Text description provided by the architects. The hospital is situated in a predominantly rural area that had been heavily affected by a major cyclone just a few years ago. In this natural, nature-ravaged landscape, thinly marked with low-rise structures and thatched houses, a local philanthropist donated land for Friendship to build an eighty-bed hospital.
Inspired by a powerful abstraction of the riverine Bengal landscape, the campus blends with the surroundings. The building layout is efficient and the architecture rational. A series of courtyards bring in natural ventilation towards, while air-conditioned spaces such as operating rooms are placed in areas in the wind shadow. The penetration of direct and reflected sunlight into all wards and consulting rooms was studied in detail.
In the initial stages, the need to separate inpatient and outpatient departments divided the linear site into separate areas. Access control at various points was increasingly becoming an overriding factor for what was otherwise designed to be a campus of interconnected courtyards.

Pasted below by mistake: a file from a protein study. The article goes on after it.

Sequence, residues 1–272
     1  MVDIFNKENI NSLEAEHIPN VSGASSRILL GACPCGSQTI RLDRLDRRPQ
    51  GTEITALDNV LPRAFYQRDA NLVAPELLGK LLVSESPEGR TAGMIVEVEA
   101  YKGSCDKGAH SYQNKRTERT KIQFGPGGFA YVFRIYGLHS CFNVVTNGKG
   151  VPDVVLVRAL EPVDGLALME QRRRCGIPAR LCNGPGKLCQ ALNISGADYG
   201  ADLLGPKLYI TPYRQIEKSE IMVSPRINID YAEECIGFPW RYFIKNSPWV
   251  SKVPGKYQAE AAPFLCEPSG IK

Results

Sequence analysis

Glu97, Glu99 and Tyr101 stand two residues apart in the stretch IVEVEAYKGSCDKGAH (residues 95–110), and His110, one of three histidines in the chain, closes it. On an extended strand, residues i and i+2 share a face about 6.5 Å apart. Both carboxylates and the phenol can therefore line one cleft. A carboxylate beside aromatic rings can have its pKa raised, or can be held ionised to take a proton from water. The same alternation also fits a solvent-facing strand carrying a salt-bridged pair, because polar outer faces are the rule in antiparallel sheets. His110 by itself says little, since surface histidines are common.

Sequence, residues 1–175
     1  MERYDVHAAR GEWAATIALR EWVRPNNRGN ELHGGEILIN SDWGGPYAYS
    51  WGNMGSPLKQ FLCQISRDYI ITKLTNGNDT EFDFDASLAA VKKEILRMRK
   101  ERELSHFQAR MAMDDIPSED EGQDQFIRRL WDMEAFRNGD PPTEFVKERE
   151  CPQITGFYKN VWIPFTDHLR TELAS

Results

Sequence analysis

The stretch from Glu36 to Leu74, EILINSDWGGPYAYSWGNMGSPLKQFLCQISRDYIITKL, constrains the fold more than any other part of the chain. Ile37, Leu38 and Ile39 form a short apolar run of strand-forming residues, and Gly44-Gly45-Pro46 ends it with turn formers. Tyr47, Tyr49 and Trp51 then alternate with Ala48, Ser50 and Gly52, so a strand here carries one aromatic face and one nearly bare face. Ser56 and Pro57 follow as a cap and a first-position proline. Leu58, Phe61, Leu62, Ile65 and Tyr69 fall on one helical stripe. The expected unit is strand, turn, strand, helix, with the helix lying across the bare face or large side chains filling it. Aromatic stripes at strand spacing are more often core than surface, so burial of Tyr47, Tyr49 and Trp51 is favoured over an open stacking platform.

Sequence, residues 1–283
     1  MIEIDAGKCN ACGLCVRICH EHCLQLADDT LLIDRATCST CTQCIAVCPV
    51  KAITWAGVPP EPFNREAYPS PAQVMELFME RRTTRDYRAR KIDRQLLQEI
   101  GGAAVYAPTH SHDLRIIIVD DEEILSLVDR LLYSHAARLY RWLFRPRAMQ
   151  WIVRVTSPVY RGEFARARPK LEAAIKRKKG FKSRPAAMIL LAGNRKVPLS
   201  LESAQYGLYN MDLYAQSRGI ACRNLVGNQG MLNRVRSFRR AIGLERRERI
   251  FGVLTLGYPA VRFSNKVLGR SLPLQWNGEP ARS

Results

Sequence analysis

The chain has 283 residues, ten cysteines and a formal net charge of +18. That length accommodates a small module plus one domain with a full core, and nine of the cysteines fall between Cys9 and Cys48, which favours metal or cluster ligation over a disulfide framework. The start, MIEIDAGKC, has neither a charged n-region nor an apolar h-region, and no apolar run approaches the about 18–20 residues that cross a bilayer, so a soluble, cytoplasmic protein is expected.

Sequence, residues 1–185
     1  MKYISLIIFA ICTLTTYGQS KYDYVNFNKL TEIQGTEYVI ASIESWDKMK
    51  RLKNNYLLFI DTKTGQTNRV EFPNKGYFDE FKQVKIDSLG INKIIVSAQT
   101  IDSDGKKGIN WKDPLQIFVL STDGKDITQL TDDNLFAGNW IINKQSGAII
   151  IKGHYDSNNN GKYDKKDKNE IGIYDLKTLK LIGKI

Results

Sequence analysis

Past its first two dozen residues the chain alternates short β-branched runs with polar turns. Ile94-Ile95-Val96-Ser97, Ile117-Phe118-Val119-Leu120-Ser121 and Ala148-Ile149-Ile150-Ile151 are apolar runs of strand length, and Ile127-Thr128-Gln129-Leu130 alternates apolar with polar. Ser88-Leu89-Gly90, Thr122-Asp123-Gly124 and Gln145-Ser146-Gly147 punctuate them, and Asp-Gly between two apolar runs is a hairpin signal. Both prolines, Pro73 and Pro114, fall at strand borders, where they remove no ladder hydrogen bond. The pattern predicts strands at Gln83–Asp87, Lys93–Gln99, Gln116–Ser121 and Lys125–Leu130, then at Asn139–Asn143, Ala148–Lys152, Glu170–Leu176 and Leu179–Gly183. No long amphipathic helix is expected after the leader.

The solution had to be an access barrier but one which would retain visual continuity. Hence a canal was introduced, which traverses the site controlling access while collecting rainwater and animating an internal landscape. At either end are two large tanks, which hold the harvested water – a valuable resource in an area where the saline groundwater is unusable for most practical purposes.